It’s early yet to truly identify trend differences between Orgeron and Miles on the recruiting trail, but one that seems to be surfacing is O’s preference for athletic prospects with high upside. It’s not so much that Miles ignored those types, as I think he placed more value into “football players” whereas O looks more for athletes he can mold. There’s pros and cons to either strategy, and, of course, the naturally high fail rate which comes along with human evaluation.
Whether or not O’s gamble on high upside athletes will pay off, there’s a clear movement in that direction. We’ve seen the dividends already in Saahdiq Charles, who may well be our left tackle for the next few seasons. Earlier this week, we talked about Dare Rosenthal, who fits the mold. And now we turn our eyes to Cameron Wire.
Big guys get attention is one of the chief tenets of recruiting. When you stand at six-foot-seven and nearly 300 pounds, you’re gonna field some phone calls. And that makes Cameron Wire’s journey to LSU all the more interesting. As a Junior, offers came. All the local Louisiana schools. Kansas, Missouri, and Iowa State next. As Spring approached, Arkansas, Houston, and Oklahoma State. Then Texas schools came calling: Tech, TCU and Baylor. Then Auburn, Oregon, Tennessee. Mississippi State, OU and Texas. Louisville, Florida and Ole Miss.
Conspicuous by their absence? LSU.
Not until May before Wire’s senior year did LSU come calling, well after he piled offers from all across the country. FSU and Alabama came through shortly thereafter. Turns out, the delay didn’t matter. A month later, Wire popped for LSU.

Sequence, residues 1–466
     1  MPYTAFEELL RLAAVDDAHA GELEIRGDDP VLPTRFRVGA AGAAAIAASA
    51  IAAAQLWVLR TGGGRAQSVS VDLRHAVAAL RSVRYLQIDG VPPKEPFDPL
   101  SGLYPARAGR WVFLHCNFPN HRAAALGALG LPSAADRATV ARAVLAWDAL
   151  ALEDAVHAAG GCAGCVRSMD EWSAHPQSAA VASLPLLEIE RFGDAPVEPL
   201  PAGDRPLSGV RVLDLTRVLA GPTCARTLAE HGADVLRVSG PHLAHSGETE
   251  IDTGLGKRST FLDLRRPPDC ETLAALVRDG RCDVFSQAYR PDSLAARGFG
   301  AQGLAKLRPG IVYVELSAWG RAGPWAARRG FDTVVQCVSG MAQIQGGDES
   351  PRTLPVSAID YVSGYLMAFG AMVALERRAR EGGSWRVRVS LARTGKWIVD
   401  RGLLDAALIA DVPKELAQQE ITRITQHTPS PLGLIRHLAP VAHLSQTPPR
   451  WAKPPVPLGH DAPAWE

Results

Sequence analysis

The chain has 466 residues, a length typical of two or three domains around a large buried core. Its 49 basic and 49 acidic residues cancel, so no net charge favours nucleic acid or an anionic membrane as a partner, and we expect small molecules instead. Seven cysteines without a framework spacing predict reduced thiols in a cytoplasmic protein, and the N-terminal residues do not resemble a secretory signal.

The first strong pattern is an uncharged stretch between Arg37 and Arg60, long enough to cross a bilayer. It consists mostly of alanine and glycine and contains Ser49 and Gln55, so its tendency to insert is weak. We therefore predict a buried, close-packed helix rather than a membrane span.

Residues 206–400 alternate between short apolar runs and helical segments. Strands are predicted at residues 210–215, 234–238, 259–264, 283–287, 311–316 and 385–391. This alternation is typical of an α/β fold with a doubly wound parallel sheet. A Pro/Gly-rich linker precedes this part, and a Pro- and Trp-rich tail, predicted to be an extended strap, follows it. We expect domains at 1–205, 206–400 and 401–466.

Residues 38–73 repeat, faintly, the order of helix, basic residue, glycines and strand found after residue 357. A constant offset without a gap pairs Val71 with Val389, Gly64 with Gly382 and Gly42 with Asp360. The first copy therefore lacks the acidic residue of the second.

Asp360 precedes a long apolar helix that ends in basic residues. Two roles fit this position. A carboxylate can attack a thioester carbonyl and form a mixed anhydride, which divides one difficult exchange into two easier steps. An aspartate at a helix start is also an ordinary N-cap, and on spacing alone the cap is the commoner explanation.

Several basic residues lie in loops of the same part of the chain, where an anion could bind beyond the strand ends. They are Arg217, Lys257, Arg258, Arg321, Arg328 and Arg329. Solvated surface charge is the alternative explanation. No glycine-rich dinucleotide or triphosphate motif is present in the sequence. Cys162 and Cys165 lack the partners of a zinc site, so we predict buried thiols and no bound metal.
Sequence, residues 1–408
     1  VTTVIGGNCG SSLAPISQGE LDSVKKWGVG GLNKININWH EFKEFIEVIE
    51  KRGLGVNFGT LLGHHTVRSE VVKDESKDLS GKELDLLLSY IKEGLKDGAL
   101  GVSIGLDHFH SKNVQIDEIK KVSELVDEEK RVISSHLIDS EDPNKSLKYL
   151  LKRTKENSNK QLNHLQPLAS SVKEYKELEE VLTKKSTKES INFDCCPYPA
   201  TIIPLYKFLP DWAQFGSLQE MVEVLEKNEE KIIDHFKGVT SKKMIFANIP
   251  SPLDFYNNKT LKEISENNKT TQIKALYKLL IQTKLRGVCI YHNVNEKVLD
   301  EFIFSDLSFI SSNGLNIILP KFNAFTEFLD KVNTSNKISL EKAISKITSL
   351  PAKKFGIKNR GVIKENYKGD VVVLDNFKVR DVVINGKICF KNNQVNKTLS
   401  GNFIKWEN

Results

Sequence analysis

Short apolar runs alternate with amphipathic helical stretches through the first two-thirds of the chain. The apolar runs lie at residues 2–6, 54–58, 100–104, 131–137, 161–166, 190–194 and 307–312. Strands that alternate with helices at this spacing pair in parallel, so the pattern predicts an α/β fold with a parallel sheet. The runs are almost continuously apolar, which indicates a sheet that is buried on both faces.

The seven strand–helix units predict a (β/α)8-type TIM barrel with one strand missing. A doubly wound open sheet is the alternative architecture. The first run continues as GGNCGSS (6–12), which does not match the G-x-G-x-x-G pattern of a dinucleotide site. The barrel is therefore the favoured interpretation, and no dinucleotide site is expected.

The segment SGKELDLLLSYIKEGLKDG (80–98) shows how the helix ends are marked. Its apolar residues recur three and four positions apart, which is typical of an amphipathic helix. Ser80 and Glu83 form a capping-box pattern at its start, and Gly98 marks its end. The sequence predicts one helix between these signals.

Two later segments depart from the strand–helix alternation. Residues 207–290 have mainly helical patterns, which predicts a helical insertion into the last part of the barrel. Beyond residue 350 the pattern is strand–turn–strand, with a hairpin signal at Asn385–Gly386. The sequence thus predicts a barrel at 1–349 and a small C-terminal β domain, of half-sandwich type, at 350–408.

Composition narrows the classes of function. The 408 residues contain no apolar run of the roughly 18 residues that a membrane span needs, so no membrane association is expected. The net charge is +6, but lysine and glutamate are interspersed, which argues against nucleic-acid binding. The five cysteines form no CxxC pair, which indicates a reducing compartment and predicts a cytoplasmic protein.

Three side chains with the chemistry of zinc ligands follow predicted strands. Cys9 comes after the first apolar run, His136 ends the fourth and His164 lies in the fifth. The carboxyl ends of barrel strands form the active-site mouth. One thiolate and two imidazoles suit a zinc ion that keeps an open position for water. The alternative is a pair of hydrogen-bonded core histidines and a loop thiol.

Unlike many of his signees, Wire didn’t take only a single official visit to Baton Rouge. Instead, he took two: one in Norman, Oklahoma and the other in Baton Rouge. It didn’t matter. Though some early outlooks penciled him to OU, in the end he stayed home, signing with LSU during the early signing period.
Reportedly, Wire nearly took an official visit to Austin, just before the early signing period, but Orgeron caught wind of it and put a kibosh on it. Suck it, Tom.
Wire was selected for the Offense-Defense All-American bowl.
110 - 101 = Franchise Player. One of the best players to come along in years, if not decades. Odds of having a player in this category every year is slim. This prospect has “can’t miss” talent.
100 - 98 = Five-star prospect. One of the top 30 players in the nation. This player has excellent pro-potential and should emerge as one of the best in the country before the end of his career. There will be 32 prospects ranked in this range in every football class to mirror the first round of the NFL Draft.
97 - 90 = Four-star prospect. One of the top 300 players in the nation. This prospect will be an impact-player for his college team. He is an All-American candidate who is projected to play professionally.
89 - 80 = Three-star prospect. One of the top 10% players in the nation. This player will develop into a reliable starter for his college team and is among the best players in his region of the country. Many three-stars have significant pro potential.